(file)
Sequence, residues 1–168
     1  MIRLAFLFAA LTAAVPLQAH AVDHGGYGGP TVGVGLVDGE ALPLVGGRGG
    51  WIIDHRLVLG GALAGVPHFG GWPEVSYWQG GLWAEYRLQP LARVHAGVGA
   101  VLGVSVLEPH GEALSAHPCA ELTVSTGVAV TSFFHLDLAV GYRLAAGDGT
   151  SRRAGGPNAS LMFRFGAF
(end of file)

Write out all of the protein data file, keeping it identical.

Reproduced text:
Sequence, residues 1–168
     1  MIRLAFLFAA LTAAVPLQAH AVDHGGYGGP TVGVGLVDGE ALPLVGGRGG
    51  WIIDHRLVLG GALAGVPHFG GWPEVSYWQG GLWAEYRLQP LARVHAGVGA
   101  VLGVSVLEPH GEALSAHPCA ELTVSTGVAV TSFFHLDLAV GYRLAAGDGT
   151  SRRAGGPNAS LMFRFGAF